As a physician, I cannot imagine treating pediatric patients by secretly withholding significant medical or mental health findings from competent and well-intentioned parents. And as a mother, I cannot imagine school officials withholding significant information related to my children’s school experience. But currently, there is no state law requiring schools to divulge information to parents who request it, and those opposing a New Hampshire Parents’ Bill of Rights want to keep it that way.
It’s a no-brainer that keeping parents informed helps rather than harms kids. Research clearly shows that involved parents are actually protective against suicidal thoughts and behaviors in children, improving mental health overall.
All children benefit from the love, guidance, and support of their parents – including LGBTQ+ youth. Therefore, transparency between parents and schools is advantageous and healthy. In circumstances of suspected abuse or neglect, mandated reporters are required to act in the best interests of a child, and this may involve secrecy. But laws supporting these situations already exist and dictate a report to the Division for Children, Youth and Families. Beyond these circumstances, no additional secrecy is warranted. These protections would remain in place if the current Parents’ Bill of Rights legislation were to become law.
Hiding a student’s school struggles can have significant negative consequences. For example, children expressing signs of gender dysphoria can have co-existing neuropsychological issues such as anxiety, ADHD, and autism. School personnel are not trained to diagnose such conditions, and without parental involvement and professional assistance, those children may not get the help they need.
At least one New Hampshire mother would have appreciated honest communication from school staff when she discovered that her child had transitioned to a different gender identity at school without her knowledge. Some New Hampshire schools continue to practice secret social gender transitions on the recommendation of a since rescinded New Hampshire School Board Association policy.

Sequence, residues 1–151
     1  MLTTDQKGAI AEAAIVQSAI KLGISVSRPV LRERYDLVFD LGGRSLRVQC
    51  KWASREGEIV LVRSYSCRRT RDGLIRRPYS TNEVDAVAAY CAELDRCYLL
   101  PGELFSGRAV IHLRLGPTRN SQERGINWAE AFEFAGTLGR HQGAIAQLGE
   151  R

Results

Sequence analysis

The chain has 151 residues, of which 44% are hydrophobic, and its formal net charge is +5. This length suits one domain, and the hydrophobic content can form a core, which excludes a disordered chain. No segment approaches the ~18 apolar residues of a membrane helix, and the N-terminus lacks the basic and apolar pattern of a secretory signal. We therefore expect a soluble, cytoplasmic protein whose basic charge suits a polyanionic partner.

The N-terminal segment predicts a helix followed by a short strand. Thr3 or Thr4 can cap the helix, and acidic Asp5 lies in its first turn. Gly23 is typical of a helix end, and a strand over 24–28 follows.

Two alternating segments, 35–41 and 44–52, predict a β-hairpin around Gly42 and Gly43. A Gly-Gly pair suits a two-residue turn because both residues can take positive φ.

Hidden social gender transitions fail to diagnose and address any concurrent conditions children may be experiencing and can have long-term consequences. This approach puts children on the path of risky puberty blockers, cross-sex hormones, and gender transition surgeries. Parents need to know and give consent in such situations.
Whatever the issue, parents want to trust school officials to answer honestly when they ask about their children’s school experience, whether it’s about academic achievement, extracurricular activities, participation in sports, disciplinary actions, or changes in mood or behavior.
Parents nurture their children through thick and thin, sickness and health, and are invested in their children’s well-being. Rather than secrets, parents, teachers, and students benefit from a celebrated partnership that supports children’s individual needs in a shared vision of success. A Parents’ Bill of Rights would promote this effort and deserves the support of Granite Staters.